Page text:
Nam-Hong arrives in Australia from Korea to begin a job as the head of security for Chandlerdale Exports, where something is inexplicably wrong. Still, Nam-Kong (Steven Whatmough) gains the company director’s trust, and the stakes get even higher when it’s apparent the company is at war with a cunning enemy. So what happens when the sum of internal and external conflicts exceeds one’s intolerance? It’s not pretty. So says the filmmaker’s synopsis of The Korean From Seoul. Sorry, they may have made most of that up, and finding a coherent thread in this film written and directed by Steven Whatmough is pretty hard. But the 88 minute film is listed as a comedy, and so off the wall is the presentation, that there’s no need (or possibility) to unravel the web this film weaves.
We begin on the serious side with our introduction to William Knoll (Ben Carew). The company director, the camera zooms in, and the screen fills us with a sense of an Aussie version of Gordon Gecko.
Mixed in with a dark version of James Bond, he stares us down. However, the idea of a villainous Australian makes it hard to keep a straight face, and the image must give way to something lighter.
So a company video for Chandlerdale Exports takes the screen, and the sales pitch is very familiar. Enthusiastic employees and graphics put on a human face on the company. Eased in from our seats, it’s very easy to miss that the actual discourse from Chien Ling (Pui-Mei Wong), Cliff Knoll (Andrew Pocock) and Erin Grass Forbes (Erin Carew) doesn’t make much sense.
The three supporting actors do a nifty slight of hand with the competing dialogue and the professional video work before you finally realize the nuttiness they are pushing.
Thus, the comedic stage is set for the rest of the lunacy, and Nam-Hong’s introduction to Knoll keeps the crazy train rolling. The tone is serious and the intrigue is built by keeping the shot cropped on the two players. In addition, the lack of background in this scene and throughout the direction implies that a singleminded expediency will be required for Chandlerdale to emerge unscathed.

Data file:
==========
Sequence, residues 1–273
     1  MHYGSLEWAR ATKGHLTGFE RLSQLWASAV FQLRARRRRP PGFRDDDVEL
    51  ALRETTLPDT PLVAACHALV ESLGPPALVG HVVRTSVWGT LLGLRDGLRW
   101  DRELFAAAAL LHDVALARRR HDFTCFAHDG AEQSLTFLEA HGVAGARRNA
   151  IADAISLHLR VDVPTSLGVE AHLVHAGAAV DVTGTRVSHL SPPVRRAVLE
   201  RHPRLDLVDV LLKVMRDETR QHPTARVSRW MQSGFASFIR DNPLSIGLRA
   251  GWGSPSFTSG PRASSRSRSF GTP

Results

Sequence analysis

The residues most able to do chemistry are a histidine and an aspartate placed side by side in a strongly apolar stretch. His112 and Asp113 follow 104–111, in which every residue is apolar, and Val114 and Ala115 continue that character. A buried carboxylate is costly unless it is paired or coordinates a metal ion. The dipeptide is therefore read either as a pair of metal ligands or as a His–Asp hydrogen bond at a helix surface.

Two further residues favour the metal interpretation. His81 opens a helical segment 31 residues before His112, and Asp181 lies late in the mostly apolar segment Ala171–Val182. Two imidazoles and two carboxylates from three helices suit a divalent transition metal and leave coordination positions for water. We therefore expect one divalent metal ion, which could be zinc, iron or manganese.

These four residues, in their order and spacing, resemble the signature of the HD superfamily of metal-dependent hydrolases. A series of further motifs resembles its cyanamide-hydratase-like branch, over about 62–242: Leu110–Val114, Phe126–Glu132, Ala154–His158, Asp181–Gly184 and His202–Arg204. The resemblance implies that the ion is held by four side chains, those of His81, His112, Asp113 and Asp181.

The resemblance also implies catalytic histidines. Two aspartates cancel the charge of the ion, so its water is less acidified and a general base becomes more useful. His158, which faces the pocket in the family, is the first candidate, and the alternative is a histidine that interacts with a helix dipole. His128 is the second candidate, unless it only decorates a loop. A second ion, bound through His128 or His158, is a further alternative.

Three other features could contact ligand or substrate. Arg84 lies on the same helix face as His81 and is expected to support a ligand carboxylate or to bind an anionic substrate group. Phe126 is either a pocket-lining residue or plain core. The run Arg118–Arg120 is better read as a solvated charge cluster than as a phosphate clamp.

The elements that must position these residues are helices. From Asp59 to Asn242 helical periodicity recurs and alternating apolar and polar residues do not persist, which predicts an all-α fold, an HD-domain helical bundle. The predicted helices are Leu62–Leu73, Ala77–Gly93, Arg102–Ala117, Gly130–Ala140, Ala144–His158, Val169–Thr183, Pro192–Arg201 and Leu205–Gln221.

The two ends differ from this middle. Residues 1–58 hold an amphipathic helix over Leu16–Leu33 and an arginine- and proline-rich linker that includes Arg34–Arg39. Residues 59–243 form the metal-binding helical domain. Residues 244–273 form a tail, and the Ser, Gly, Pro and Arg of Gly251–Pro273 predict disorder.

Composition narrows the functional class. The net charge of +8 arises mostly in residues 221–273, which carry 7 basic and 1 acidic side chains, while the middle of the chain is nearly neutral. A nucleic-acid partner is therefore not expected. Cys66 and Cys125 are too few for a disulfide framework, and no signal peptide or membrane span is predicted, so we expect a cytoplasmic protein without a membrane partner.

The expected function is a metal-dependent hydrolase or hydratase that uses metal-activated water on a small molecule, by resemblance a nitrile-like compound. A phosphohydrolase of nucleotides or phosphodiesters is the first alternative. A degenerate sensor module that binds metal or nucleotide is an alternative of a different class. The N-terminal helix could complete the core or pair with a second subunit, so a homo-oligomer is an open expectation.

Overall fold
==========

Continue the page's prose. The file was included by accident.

Of course, there’s dialogue, and again to our delight, the imagery doesn’t line up with the words. For Carew’s part, his imposing CEO presence has us doing a double take alongside a stiff drink in hand and nonsensical discourse, while Whatmough does most of his work by quietly remaining aloof to the unraveling conspiracy.
There also seems to be some sort of message in regards to how the white Australians have interacted with the rest of Asia. You may have to locate an Australian or read up on your history to decipher the underpinnings. But either way, the disconnect is dealt with humorously and Carew deadpans early on with the cryptic social commentary. “But the misfortunate thing is that we have predominately English speakers – especially the white ones, like me.”
The film notes aren’t a complete fabrication, though. Chandlerdale is at war, and the declaration is so stated. The points of contention have something to do with cereal, train rates and an empty wooden security box, and the noir encompassing score by Whatmough keeps the doom ever present.
Several scenes that seem to allude to the Matrix designate the seriousness – and playing well to the lower budget special effects – the oncoming pseudo dystopia is built upon. Not to worry, though, William Knoll, Nam-Hong and friends have no idea, and neither will you. But you’re still going to enjoy this movie.